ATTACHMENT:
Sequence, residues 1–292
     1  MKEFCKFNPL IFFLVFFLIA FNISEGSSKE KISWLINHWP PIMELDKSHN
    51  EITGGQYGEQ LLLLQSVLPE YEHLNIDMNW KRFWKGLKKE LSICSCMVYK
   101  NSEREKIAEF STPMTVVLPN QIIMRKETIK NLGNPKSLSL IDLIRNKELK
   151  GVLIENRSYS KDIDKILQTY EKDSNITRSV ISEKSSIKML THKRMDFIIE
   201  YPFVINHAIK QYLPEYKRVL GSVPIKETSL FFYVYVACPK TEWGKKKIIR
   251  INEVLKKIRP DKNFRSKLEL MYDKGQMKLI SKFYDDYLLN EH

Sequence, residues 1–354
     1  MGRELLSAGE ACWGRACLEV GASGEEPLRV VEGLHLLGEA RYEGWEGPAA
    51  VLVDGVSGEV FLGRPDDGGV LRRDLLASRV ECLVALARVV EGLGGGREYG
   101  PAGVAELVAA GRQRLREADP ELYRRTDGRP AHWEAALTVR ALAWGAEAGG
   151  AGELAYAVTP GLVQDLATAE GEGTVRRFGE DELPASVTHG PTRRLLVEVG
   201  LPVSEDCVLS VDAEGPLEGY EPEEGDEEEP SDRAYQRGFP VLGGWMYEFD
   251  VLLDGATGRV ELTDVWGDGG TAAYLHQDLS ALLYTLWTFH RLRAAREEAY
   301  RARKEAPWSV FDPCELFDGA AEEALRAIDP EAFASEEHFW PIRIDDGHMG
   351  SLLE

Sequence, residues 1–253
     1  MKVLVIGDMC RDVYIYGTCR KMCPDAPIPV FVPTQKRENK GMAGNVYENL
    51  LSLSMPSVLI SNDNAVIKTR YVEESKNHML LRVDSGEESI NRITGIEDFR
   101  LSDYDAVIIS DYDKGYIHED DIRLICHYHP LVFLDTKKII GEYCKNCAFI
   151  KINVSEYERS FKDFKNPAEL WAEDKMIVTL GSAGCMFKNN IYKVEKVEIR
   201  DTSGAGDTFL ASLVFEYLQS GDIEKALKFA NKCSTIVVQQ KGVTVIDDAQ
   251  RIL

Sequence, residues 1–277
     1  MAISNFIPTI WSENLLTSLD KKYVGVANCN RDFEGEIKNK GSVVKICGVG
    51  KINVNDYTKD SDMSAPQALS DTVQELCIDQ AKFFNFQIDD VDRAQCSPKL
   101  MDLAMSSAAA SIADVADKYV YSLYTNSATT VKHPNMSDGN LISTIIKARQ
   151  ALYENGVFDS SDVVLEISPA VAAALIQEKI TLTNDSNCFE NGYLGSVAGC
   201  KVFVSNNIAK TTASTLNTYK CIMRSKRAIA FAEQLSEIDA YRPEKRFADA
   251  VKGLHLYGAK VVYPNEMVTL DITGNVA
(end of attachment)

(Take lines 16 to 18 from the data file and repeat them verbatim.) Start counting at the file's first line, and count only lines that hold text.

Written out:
   351  SLLE

Sequence, residues 1–253
     1  MKVLVIGDMC RDVYIYGTCR KMCPDAPIPV FVPTQKRENK GMAGNVYENL